Recently Nate Quarry released a statement to fans on the UG. He followed that statement up with an in-depth interview with Bloody Elbow's Steph Daniels, where he went into more detail about the UFC's policies of brand use and licensing rights, potential for unionizing, and fighter pay, among many other topics. Now, Lorenzo Fertitta is returning fire. He spoke to Yahoo! Sports' Kevin Iole in regard to Quarry's comments and how he felt they lacked a lot of necessary context as to where they UFC was financially at the beginning of Quarry's run with the organization.
"This sport is in its infancy, and I'll admit that there is so much more to be done, but the media is focusing so much on the negative and there are far more positives out there in terms of what we have done for the sport and the fighters," Fertitta said. "You come to work every day and you kind of feel beaten down because it's something new [to complain about] every day."
"I'm not going to argue or counter every specific claim made by Nate Quarry on some website," Fertitta said. "I'm super proud of what we have done for our athletes, this sport and this company. Our track record is darn good as a whole and we have nothing to be embarrassed about.
"This fight Nate is talking about was so long ago and clearly the business wasn't where it is today. It was in its infancy and we were coming out of a period where we suffered millions upon millions in losses. It wasn't an insignificant amount of money. And I'll tell you this, Nate is a smart guy. Absolutely he is. He knew when he signed his contract exactly what he'd be paid."
He was also quick to contest Quarry's assertations that UFC fighters only see about 1-2% of the UFC's total revenue:
"That's not even close but I'm not going to go into specifics about it," Fertitta said. "I'm interested in how Nate Quarry knows so much about our business that he can say that. As I said earlier, though, fighter compensation has increased multiples upon multiples since we've gotten into the business and built it up to where it is today.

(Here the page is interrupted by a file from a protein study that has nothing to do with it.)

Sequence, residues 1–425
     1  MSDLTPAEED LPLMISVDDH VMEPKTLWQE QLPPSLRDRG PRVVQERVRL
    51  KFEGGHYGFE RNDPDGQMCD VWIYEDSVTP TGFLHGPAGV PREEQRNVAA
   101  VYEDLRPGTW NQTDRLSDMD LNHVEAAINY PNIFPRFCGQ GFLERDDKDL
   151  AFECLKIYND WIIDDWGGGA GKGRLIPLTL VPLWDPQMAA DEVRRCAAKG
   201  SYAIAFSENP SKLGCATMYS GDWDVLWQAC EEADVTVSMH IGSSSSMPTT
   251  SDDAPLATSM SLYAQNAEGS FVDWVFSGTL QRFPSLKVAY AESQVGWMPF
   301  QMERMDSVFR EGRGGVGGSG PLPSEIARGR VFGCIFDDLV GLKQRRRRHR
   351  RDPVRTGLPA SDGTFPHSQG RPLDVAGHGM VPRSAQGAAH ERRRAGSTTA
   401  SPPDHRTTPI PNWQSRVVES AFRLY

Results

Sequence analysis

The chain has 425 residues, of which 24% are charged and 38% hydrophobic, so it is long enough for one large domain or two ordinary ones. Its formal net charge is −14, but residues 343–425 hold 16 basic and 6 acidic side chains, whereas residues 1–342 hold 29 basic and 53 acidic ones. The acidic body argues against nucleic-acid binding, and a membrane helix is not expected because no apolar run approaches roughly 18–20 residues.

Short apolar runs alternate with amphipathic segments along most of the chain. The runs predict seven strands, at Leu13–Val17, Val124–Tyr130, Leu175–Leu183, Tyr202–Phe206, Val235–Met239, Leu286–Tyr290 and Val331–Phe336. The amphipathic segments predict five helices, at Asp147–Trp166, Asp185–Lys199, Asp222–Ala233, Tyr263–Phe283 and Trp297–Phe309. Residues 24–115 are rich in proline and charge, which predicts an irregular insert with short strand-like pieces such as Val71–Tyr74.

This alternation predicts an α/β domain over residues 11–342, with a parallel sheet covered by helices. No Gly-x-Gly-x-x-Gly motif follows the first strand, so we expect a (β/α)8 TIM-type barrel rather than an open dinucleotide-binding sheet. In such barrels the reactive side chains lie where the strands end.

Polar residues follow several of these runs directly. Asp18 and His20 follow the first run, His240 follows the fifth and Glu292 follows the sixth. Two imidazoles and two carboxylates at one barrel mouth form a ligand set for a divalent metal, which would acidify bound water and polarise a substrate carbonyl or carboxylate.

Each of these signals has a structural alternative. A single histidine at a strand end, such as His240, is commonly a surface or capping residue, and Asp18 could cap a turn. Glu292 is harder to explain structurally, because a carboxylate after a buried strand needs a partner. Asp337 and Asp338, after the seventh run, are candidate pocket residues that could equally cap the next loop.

"We're very proud of what our athletes make. Granted, back in 2004, 2005, it was a different world. We weren't getting the revenues back then that we are today. We feel the fighters are getting their fair share, if not more."...
"[Fighter payroll] has gone up significantly, and though I don't have it at the tip of my fingers, I can tell you it's gone up faster than the percentage of revenue growth." he said. "Fighter comp is growing at a faster rate than revenues."
Iole also spoke at length about the UFC's current business market and the financial climate that other fighters have found themselves in recently while under Zuffa employment, so be sure to check out the whole piece.
I'm not actually sure where Nate posited the "1-2% of revenue" numbers, and nothing I've seen from any potential breakdown of UFC fighter pay as a percentage of revenue would suggest that those numbers would be accurate, so I'm not surprised it got a definitive response from Fertitta. I do however find it interesting that he ascertains that fighters were getting "their fair share" in the early days and then asserts that "fighter comp is growing at a faster rate than revenues." It would suggest that the UFC is now paying fighters well above their market value, but disclosed contracts from Bellator, WSOF, and even ONE FC would suggest that this, largely, is not the case.
This also overlooks the available data that shows reported fighter pay as a percentage of revenue actually dropped between 2004 and 2006 as the UFC greatly increased the number of events and stocked them with fighters at the bottom of the pay scale. To say that fighters have always gotten "their fair share" ignores that that share has not always changed for the better even if revenue has.
There are other factors at work here as well, such as Zuffa's status as a Limited Liability Company and what exactly that means for their losses beyond initial investment. I don't doubt that Fertitta is on point when he speaks to the overall company position at the time, especially considering that they had been very close to selling the UFC. But his statements in response to Quarry are a bit broad in their view of history to dismiss the kinds of complaints Quarry is making.